Breaking Eggs And Making Omelettes

Topics On Multimedia Technology and Reverse Engineering


Server Move For

July 31st, 2014 by Multimedia Mike

I made a big change to last week: I moved hosting from a shared web hosting plan that I had been using for 10 years to a dedicated virtual private server (VPS). In short, I now have no one to blame but myself for any server problems I experience from here on out.

The tipping point occurred a few months ago when my game music search engine kept breaking regardless of what technology I was using. First, I had an admittedly odd C-based CGI solution which broke due to mysterious binary compatibility issues, the sort that are bound to occur when trying to make a Linux binary run on heterogeneous distributions. The second solution was an SQLite-based solution. Like the first solution, this worked great until it didn’t work anymore. Something else mysteriously broke vis-à-vis PHP and SQLite on my server. I started investigating a MySQL-based full text search solution but couldn’t make it work, and decided that I shouldn’t have to either.

Ironically, just before I finished this entire move operation, I noticed that my SQLite-based FTS solution was working again on the old shared host. I’m not sure when that problem went away. No matter, I had already thrown the switch.

How Hard Could It Be?
We all have thresholds for the type of chores we’re willing to put up with and which we’d rather pay someone else to perform. For the past 10 years, I felt that administering a website’s underlying software is something that I would rather pay someone else to worry about. To be fair, 10 years ago, I don’t think VPSs were a thing, or at least a viable thing in the consumer space, and I wouldn’t have been competent enough to properly administer one. Though I would have been a full-time Linux user for 5 years at that point, I was still the type to build all of my own packages from source (I may have still been running Linux From Scratch 10 years ago) which might not be the most tractable solution for server stability.

These days, VPSs are a much more affordable option (easily competitive with shared web hosting). I also realized I know exactly how to install and configure all the software that runs the main components of the various sites, having done it on local setups just to ensure that my automated backups would actually be useful in the event of catastrophe.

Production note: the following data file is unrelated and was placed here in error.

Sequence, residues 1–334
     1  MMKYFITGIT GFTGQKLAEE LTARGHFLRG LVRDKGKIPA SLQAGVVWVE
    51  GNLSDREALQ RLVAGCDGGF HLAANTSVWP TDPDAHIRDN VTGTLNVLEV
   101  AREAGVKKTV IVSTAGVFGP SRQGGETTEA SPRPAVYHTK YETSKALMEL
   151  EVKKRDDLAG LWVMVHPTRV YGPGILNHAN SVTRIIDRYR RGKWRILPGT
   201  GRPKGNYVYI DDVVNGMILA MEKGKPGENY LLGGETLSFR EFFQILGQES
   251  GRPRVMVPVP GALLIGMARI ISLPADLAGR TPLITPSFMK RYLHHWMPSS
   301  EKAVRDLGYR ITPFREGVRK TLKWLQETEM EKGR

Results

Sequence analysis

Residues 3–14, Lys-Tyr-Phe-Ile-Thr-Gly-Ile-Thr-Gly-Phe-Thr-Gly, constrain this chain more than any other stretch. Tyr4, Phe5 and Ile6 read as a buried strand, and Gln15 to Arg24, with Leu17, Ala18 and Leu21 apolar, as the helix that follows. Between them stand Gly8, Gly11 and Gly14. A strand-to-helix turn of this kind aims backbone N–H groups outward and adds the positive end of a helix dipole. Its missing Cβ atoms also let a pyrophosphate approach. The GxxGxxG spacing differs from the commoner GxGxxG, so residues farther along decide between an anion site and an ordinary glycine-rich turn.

All I needed was the will to do it.

The Switchover Process
Here’s the rough plan:

  • Investigate options for both VPS providers and mail hosts– I might be willing to run a web server but NOT a mail server
  • Start plotting several months in advance of my yearly shared hosting renewal date
  • Screw around for several months, playing video games and generally finding reasons to put off the move
  • Panic when realizing there are only a few days left before the yearly renewal comes due

So that’s the planning phase. BTW, I chose Digital Ocean for VPS and Zoho for email hosting. Here’s the execution phase I did last week:

  • Register with Digital Ocean and set up DNS entries to point to the old shared host for the time being
  • Once the D-O DNS servers respond correctly using a manual ‘dig’ command, use their servers as the authoritative ones for
  • Create a new Droplet (D-O VPS), install all the right software, move the databases, upload the files; and exhaustively document each step, gotcha, and pitfall; treat a VPS as necessarily disposable and have an eye towards iterating the process with a new VPS
  • Use /etc/hosts on a local machine to point DNS to the new server and verify that each site is working correctly
  • After everything looks all right, update the DNS records to point to the new server

Finally, flip the switch on the MX record by pointing it to the new email provider.

Improvements and Problems
Hosting on Digital Ocean is quite amazing so far. Maybe it’s the SSDs. Whatever it is, all the sites are performing far better than on the old shared web host. People who edit the MultimediaWiki report that changes get saved in less than the 10 or so seconds required on the old server.

Again, all problems are now my problems. A sore spot with the shared web host was general poor performance. The hosting company would sometimes complain that my sites were using too much CPU. I would have loved to try to optimize things. However, the cPanel interface found on many shared hosts don’t give you a great deal of data for debugging performance problems. However, same sites, same software, same load on the VPS is considerably more performant.

Problem: I’ve already had the MySQL database die due to a spike in usage. I had to manually restart it. I was considering a cron-based solution to check if the server is running and restart it if not. In response to my analysis that my databases are mostly read and not often modified, so db crashes shouldn’t be too disastrous, a friend helpfully reminded me that, “You would not make a good sysadmin with attitudes like ‘an occasional crash is okay’.”